IGM Walter Browne R.I.P

January 9,1949 — June 24, 2015


Yesterday died a giant of a man,Walter S. Browne. A legend!  Six-time US chess champion; one of the strongest professional players in the world in backgammon and poker; noted author and active chess promoter. My most sincere condolences to his wife Racquel. Walter was 66 years old.


One of the perks of being a strong chess player for the past 30-odd years or so is me having the opportunity to travel around the world, meeting so many gifted and multi-talented individuals. Walter Browne was perhaps the most colourful and versatile of them all. Certainly the most memorable.


Where ever he was playing Walter regularly generated so much excitement that you could always figure out where he was located just by the large crowd gathering around him. It did not matter if it was in a world-class chess tournament hall or in a smokey city club playing backgammon, Walter thrived on the adrenaline rush associated with playing for high stakes.


Browne (front left) analyzing with Karpov and Tal. (Las Palmas 1977) Browne had missed a forced win!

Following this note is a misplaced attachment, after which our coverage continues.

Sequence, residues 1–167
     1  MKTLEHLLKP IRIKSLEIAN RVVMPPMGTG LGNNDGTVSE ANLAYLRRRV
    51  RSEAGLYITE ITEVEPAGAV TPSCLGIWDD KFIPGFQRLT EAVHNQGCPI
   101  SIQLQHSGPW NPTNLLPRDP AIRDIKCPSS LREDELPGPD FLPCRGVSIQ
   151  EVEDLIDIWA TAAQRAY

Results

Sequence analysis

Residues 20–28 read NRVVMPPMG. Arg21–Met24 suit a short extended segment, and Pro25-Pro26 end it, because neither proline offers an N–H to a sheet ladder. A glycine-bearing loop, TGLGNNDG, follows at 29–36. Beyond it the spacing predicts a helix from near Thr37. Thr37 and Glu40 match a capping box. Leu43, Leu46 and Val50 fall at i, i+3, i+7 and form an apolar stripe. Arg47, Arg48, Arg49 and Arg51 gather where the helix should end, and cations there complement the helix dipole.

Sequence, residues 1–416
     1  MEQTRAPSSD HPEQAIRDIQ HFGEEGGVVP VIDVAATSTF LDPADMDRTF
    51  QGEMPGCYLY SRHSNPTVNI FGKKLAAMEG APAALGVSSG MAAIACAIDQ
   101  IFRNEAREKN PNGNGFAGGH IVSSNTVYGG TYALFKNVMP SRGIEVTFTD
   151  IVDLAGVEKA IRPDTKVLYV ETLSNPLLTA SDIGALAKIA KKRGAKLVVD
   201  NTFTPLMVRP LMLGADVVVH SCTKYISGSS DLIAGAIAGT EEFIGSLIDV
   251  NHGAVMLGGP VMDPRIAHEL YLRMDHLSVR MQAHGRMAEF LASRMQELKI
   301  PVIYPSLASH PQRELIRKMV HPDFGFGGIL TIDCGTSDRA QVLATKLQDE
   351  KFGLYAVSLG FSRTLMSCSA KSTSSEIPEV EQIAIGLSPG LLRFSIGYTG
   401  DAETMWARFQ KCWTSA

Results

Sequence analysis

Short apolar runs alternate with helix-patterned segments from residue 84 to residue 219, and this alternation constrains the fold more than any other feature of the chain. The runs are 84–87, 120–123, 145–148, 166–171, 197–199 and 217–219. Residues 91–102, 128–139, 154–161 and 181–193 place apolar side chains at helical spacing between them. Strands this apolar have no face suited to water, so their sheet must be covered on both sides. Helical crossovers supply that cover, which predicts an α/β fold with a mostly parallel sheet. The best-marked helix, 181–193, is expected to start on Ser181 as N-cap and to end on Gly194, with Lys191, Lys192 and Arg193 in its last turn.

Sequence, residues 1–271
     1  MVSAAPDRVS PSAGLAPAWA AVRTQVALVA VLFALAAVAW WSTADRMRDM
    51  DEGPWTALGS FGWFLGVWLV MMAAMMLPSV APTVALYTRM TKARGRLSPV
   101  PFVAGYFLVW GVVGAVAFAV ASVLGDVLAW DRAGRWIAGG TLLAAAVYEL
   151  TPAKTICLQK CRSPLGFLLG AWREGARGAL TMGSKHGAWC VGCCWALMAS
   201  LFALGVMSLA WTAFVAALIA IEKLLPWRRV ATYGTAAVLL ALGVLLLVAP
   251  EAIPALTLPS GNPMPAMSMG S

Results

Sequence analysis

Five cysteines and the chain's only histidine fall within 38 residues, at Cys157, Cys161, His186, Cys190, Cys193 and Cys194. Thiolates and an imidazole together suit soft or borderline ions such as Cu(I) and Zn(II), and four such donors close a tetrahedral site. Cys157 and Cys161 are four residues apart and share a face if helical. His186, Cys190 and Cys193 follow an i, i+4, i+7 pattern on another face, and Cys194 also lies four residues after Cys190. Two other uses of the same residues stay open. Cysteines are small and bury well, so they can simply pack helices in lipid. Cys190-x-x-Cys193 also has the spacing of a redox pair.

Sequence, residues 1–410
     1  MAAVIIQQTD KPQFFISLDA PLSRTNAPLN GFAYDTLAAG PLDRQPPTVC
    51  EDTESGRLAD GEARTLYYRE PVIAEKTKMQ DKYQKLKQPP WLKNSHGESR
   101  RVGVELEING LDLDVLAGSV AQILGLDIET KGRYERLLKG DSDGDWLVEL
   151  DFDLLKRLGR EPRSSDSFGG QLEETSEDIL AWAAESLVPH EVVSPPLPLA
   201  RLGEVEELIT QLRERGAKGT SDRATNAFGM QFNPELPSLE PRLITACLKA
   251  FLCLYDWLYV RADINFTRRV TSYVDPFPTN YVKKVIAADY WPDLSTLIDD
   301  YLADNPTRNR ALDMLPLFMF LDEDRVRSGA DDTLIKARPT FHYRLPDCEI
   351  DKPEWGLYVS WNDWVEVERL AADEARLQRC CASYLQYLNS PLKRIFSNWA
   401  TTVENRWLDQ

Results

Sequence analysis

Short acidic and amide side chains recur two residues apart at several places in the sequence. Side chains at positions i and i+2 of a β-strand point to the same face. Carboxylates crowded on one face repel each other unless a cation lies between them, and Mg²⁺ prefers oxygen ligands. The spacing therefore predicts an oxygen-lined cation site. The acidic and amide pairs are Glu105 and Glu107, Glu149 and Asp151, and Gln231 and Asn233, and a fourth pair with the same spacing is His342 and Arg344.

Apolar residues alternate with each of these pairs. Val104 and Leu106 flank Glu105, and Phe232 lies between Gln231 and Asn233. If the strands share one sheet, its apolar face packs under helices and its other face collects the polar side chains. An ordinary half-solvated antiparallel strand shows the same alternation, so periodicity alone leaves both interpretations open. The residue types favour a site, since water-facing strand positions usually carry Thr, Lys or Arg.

Browne playing in the Canadian Open in Toronto 1976.

I was fortunate to have met Walter when I was in my formative years. I learned a lot from him, even from just watching him. He came to Canada on numerous occasions, gracing our strongest open tournaments.  


Walter Browne giving a simul during the 1977 Quebec Open.

I also played in numerous tournaments with him in the US during the period 1977 to 1987, before I moved to Portugal. Many of these tournaments saw Walter emerge victorious, giving rise to his nickname: King of Swiss’!


Walter Browne.  Lone Pine 1978.  Reshevsky is watching.

Our score in over the board play was even (one win a piece and several draws), and every game was an intense struggle. In many ways his chess style and philosophy paralleled that of the great Victor Korchnoi.


Korchnoi(left) playing blitz with Browne  Lone Pine 1981.  At his best, Browne could take anyone in blitz.

We became friends. I remember fondly of the time I spent with Walter and his charming wife Racquel in San Francisco (1987) during the round robin organized by Nick DeFirmian. We decided to work together, and in preparation for my match with Yusupov (1989) Walter was a BIG help, especially with the openings. I must have spent several thousands of dollars on phone calls during the match speaking with Walter!

I will miss Walter!  I intend to write several blog articles in coming days in his honor, just to give my readers an inkling of this exceptional human being.  RIP.  

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